Both have credit systems in place that are compatible with the Commission's European Credit Transfer and Accumulation System. And Scotland is the first of two countries (the other is Ireland) to implement a national qualifications framework. Scotland was involved in a pilot process to draw up the qualifications framework for the European Higher Education Area.
A Universities Scotland spokesperson said: "Scottish higher education, alongside other stakeholders, is at the cutting-edge of European practice in quality enhancement and student participation.
"All this makes it easier for staff and students to study and work overseas and enhances Scotland's reputation as a country that is creative, open to innovation, new ideas and technology."
Welsh universities are also well on their way to implementing Bologna.
Swansea University, for instance, issues the Diploma Supplement - a document that spells out a graduate's qualification and how it fits within the national and European education systems - to all undergraduate and taught masters students.
Huw Morris, Swansea's academic registrar, said there were financial gains to be made for universities - through attracting overseas students via generous studentships - but students were the main focus and beneficiaries of the process.
Swansea appointed an associate dean (Bologna) for its postgraduate research faculty, whose remit is to promote the Bologna agenda at postgraduate level.
Swansea found that the Bologna Process offered opportunities to enhance students' experience and to introduce a more international dimension into curricula.
It raised the profile of the university in Europe, and it was hoped that both the students and the university would benefit from the aims inherent in the Bologna agenda, Mr Morris said.
LEEDS MET STAYS AHEAD OF THE GAME
Leeds Metropolitan University is one of the English institutions leading the way in embracing the Bologna Process.
The university started issuing the Diploma Supplement document, spelling out how a graduate's qualification fits in the European system, ahead of the game in 2005. The majority of UK universities still do not issue the document.
Leeds Met also makes a note of the European Credit Transfer and Accumulation System equivalent score in brackets alongside the British score on each student's transcript.
Tim Birtwhistle, head of Leeds Law School, professor of law and policy of higher education, and one of the UK's Bologna promoters, is a driving force behind implementing the process at the university.
"(The Diploma Supplement means) that employers anywhere can see it's a Bologna first-cycle (bachelors) degree and easily compare it with others.
It's a factual statement that will become increasingly required by employers," he said.
Bologna is not the main topic of conversation in the university, Professor Birtwistle said, but Leeds Met tried to do everything required on time. And he said that the process would potentially open up a huge market of European masters level students for UK universities.
"Everybody's very conscious of the need to tap into a gene pool wherever they are and seek out good students to do interesting things. One of the phrases used a lot is vertical mobility rather than horizontal - where you do your first degree somewhere and then go somewhere else for the second.
That's common in the UK but it's a new concept to other European member states," he said.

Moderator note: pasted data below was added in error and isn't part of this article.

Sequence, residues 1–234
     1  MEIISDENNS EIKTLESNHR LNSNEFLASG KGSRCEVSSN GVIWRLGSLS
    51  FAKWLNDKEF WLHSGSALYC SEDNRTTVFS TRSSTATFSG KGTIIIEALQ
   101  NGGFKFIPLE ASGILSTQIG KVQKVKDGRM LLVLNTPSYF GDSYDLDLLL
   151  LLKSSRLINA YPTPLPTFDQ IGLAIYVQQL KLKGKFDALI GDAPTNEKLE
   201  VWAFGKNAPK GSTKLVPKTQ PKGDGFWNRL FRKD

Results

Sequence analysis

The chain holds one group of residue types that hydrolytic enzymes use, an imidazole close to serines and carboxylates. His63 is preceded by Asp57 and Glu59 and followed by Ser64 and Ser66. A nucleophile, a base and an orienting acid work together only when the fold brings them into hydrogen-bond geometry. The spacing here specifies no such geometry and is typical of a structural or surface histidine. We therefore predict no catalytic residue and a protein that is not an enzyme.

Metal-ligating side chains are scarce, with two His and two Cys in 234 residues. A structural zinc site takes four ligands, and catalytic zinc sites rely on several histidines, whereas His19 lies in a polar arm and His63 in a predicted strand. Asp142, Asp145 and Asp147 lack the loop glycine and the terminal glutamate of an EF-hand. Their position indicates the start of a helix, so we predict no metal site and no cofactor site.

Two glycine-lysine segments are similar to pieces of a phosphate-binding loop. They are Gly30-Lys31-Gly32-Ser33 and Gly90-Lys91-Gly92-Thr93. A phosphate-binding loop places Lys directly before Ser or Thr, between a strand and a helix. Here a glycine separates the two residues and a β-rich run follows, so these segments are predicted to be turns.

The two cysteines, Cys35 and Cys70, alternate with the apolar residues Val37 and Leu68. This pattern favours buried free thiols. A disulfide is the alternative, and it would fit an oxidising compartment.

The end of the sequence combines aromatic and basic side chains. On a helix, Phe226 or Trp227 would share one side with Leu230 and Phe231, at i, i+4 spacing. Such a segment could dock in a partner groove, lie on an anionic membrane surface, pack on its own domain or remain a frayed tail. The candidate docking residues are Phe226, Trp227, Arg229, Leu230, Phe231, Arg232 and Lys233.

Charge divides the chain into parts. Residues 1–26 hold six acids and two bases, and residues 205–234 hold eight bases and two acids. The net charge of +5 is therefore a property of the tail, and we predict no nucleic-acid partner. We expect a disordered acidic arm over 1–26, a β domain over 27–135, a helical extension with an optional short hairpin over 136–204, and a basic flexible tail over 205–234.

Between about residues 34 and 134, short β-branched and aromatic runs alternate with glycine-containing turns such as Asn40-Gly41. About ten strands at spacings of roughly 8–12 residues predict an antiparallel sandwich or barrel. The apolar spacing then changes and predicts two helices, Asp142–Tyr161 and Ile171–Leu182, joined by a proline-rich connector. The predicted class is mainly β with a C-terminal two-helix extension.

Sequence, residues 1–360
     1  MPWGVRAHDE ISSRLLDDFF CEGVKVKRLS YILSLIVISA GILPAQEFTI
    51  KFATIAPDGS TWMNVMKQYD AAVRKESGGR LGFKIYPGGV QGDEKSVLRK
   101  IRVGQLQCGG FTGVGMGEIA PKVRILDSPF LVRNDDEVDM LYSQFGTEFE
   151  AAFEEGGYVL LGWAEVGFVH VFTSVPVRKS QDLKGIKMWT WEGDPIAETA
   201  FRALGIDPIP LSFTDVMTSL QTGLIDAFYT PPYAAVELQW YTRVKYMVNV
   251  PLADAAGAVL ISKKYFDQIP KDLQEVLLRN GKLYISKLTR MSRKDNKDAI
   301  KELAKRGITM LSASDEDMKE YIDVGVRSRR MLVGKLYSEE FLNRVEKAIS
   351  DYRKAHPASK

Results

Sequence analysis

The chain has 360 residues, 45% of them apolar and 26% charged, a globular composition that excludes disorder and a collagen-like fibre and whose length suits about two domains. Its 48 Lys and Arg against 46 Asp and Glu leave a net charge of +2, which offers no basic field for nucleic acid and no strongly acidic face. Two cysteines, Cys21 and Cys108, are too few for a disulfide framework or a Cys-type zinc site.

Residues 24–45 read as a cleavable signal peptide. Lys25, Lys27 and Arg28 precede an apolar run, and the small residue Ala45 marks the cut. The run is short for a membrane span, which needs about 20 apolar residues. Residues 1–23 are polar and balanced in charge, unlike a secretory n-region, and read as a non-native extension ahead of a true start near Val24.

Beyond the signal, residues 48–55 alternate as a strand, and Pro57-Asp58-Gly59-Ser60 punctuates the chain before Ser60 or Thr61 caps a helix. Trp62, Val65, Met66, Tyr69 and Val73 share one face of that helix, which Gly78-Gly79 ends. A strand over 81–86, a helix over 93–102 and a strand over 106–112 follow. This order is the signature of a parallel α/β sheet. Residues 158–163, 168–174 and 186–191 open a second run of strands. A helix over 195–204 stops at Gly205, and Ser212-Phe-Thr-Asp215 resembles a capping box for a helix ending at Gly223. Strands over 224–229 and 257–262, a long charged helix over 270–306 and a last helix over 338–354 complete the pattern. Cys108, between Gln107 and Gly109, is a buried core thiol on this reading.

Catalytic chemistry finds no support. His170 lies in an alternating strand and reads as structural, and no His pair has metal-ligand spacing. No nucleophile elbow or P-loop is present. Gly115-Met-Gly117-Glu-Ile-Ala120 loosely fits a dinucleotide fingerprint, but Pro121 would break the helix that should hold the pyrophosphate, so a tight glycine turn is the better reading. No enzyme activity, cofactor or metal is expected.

American, Australian and even Malaysian universities were keen to find out more about the Bologna Process, Professor Birtwhistle said, and there was potential for a similar initiative in South America.
"Everybody is watching it closely. It's viewed as a template for the future by many other education systems. We ignore (the Bologna Process) at our peril."
The Bologna Process is underpinned by ten "action lines":
- Adoption of a system of easily readable and comparable degrees
- Adoption of a system essentially based on two cycles (undergraduate and postgraduate)
- Establishment of a pan-European system of credits
- Promotion of student and staff mobility
- Promotion of European co-operation in quality assurance
- Promotion of the European dimension in higher education
- Focus on lifelong learning
- Inclusion of higher education institutions and students
- Promotion of the attractiveness of the EHEA
- Promotion of doctoral studies and links between the EHEA and the European Research Area
TIMELINE: Progress of the process
Ministers from 29 countries, including the UK, sign the Bologna Declaration to create a European Higher Education Area by 2010
Croatia, Cyprus and Turkey join
- Albania, Andorra, Bosnia and Herzegovina, Holy See, Russia, Macedonia join - Call for national qualifications frameworks - Doctoral-level qualifications added to bachelor and masters level in Bologna Process
- Armenia, Azerbaijan, Georgia, Moldova and Ukraine join - European Standards and Guidelines for Quality Assurance, including plans for a register for quality assurance agencies, suggested, plus a framework for qualifications
Fourth Convention of the European University Association, Lisbon, Portugal
Launch conference forthe Lifelong Learning Programme 2007-13, Berlin, Germany
Stocktaking meeting to look at awarding and recognition of joint degrees, flexible learning paths and recognition of prior learning. It will consider the future of the process after 2010
Conference under the German presidency of the European Union debating the results of the European Credit Transfer and Accumulation System for vocational education and training consultation, Munich
Second European Quality Assurance Forum Implementing and Using Quality Assurance: Strategy and Practice , Rome.
Deadline for creating a European HEA